Like many other things, marriage is overrated. It’s not the ultimate measure of how happy one’s life is or will be. There are challenges in marriage just as there are in being single. Happy-ever-after is not only meant for married couples. There’s a happy-ever-after also in being single.
Be happy in your singlehood. You’re going to miss it when you’re finally married. Explore life. Experiment. Travel. Take a bus that’s going nowhere and write about the experience. Just enjoy the aura of freedom you wake up to each morning and be grateful for life once more. Someone somewhere is dying to be single—alas
#4. Prepare your answer for that annoying question
Whether you like it or not, that ultimate annoying question is going to pop up over and over again. Friends will ask. Parents will ask. Colleagues are going to ask. You would wish it never comes up but you don’t control what others can or cannot say.
So why don’t you prepare a scripted answer for all those who will ever ask; “When are you getting married?”
Don’t be angry when it comes up now and then. People intentionally ask to test the level of your frustration. Genuinely they are not interested in your answer. They are trying to remind you it’s about time you got married too. If you answer angrily, you’ve served them well.
Be calm and as graceful as you can be, answer them; “I will marry when I have a piece of the sun in my pocket.” If this answer is too cocky, find your own.
#5. Start making new friends
When your friends marry, they’ll begin to relate to you less and less until ties are finally severed sometimes. Some marriage counselors usually tell will-be couples to change friends immediately they marry. It’s sad but true. They are told to relate more with people who are also married. You are single. They’ll have to do without you eventually.
Don’t wait till they give you the “I’m busy with my spouse” crap. Expect it. Work your way into finding new friends who will share your interest and urge you on. It’s better you find new friends who are also single. That way, you’re sure you’ll have someone who’s available as much as you. Not someone who will call off plans at the last minute because the spouse wanted them around.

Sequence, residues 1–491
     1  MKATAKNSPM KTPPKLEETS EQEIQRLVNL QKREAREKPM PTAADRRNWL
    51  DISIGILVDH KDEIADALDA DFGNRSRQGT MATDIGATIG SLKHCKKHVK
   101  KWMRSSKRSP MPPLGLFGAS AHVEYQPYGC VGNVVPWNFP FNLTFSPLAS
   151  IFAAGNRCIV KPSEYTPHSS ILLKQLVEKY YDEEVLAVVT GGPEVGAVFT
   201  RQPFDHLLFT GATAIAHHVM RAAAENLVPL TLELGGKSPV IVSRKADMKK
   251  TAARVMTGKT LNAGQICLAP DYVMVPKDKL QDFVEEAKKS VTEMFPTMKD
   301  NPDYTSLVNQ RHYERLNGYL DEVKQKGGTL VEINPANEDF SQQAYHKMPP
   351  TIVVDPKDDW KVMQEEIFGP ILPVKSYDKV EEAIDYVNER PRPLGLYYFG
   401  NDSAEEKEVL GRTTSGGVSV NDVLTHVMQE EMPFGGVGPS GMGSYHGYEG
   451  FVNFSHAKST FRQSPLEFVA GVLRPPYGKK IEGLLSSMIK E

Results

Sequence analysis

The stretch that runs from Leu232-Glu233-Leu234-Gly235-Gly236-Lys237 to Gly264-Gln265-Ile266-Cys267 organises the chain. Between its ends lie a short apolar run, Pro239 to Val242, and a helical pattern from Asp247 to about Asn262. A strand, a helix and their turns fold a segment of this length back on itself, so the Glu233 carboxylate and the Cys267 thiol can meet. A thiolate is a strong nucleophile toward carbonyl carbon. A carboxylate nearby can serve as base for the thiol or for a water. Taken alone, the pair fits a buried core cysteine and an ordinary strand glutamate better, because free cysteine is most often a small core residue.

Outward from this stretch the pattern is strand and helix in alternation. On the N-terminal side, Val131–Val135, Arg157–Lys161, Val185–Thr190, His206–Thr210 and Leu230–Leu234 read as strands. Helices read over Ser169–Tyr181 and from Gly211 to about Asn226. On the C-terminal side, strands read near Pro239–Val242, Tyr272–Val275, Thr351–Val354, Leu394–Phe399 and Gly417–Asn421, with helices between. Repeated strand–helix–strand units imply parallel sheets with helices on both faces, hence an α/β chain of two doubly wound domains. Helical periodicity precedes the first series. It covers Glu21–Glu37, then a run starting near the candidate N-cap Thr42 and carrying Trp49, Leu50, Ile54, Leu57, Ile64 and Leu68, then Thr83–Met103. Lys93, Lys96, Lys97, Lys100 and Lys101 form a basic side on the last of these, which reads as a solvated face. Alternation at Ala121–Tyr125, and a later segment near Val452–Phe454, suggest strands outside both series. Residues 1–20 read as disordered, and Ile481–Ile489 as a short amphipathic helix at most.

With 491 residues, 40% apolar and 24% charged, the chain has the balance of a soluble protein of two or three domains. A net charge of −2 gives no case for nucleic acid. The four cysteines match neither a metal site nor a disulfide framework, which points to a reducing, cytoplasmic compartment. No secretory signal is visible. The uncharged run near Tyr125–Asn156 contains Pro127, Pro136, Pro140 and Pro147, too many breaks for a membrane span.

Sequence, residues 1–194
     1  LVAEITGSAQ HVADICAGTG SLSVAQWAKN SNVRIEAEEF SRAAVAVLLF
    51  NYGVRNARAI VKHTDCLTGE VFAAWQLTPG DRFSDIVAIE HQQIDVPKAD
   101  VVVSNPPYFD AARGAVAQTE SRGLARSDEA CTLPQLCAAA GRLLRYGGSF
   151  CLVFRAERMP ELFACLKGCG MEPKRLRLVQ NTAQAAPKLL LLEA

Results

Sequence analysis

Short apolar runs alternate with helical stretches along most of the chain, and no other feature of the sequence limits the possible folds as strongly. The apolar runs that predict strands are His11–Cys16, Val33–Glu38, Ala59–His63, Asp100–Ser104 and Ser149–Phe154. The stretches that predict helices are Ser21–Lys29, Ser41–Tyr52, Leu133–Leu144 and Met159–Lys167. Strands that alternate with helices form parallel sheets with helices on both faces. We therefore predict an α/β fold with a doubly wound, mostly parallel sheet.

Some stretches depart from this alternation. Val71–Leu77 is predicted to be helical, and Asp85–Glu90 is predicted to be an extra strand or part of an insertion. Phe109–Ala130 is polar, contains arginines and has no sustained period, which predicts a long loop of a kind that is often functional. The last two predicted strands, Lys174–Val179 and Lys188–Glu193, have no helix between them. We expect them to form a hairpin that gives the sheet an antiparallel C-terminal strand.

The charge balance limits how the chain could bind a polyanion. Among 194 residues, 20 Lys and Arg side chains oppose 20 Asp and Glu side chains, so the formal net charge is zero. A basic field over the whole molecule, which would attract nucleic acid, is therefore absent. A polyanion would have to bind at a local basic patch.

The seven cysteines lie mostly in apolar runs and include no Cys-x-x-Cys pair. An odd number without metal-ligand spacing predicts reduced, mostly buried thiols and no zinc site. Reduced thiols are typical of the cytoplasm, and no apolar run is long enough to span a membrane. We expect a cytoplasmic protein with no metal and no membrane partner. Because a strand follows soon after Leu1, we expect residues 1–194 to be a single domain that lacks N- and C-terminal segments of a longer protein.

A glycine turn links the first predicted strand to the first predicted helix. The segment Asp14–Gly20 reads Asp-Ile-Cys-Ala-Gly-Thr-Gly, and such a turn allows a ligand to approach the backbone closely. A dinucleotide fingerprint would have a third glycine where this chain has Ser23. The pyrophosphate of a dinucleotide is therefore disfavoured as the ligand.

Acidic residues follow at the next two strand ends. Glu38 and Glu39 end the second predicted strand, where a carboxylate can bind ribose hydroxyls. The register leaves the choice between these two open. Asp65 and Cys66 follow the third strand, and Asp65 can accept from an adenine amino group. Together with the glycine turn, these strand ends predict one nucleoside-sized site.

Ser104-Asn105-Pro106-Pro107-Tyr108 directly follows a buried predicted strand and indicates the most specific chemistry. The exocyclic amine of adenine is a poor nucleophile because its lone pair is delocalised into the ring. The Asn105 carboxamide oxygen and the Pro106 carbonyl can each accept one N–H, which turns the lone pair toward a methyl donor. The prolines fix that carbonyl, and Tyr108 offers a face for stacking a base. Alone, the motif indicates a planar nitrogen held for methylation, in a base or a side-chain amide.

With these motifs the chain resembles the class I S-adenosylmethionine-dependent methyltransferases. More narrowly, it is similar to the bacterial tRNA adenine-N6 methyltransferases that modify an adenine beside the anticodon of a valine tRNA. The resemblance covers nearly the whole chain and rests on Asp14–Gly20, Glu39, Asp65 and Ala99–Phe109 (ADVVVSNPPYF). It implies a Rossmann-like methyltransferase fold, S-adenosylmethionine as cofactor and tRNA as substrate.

You deserve unconditional happiness and love from friends, your singlehood notwithstanding. Don’t let your married friends turn you into a loner. Go out there. Find yourself some new friends. It’s a social media age we live. It’s easier to find friends than before.
#6. Sign off from social media, if you can’t handle the jealousy
Somedays when you log on to your social media accounts, all you see are wedding pictures of different people. Many of them. It’s as though the whole world attended a wedding feast and left you uninvited.
Then the honeymoon photos follow with the usual saucy hashtags. Then minutes later, relationship statuses are changed from “Single” to “Married to something-something”. The hysteria of comments and likes that are showered on such photos are enough to make you question your existence.
Then all you could do is look at your relationship status on Facebook and see how miserable the “Single” there looks. It’s a bad day to be single.
If you can’t afford the sight and comments on such photos, log off from all social media. Grab some popcorn and watch the movie “Single and Proud”. No one has the right to murder your emotions with their wedding photos.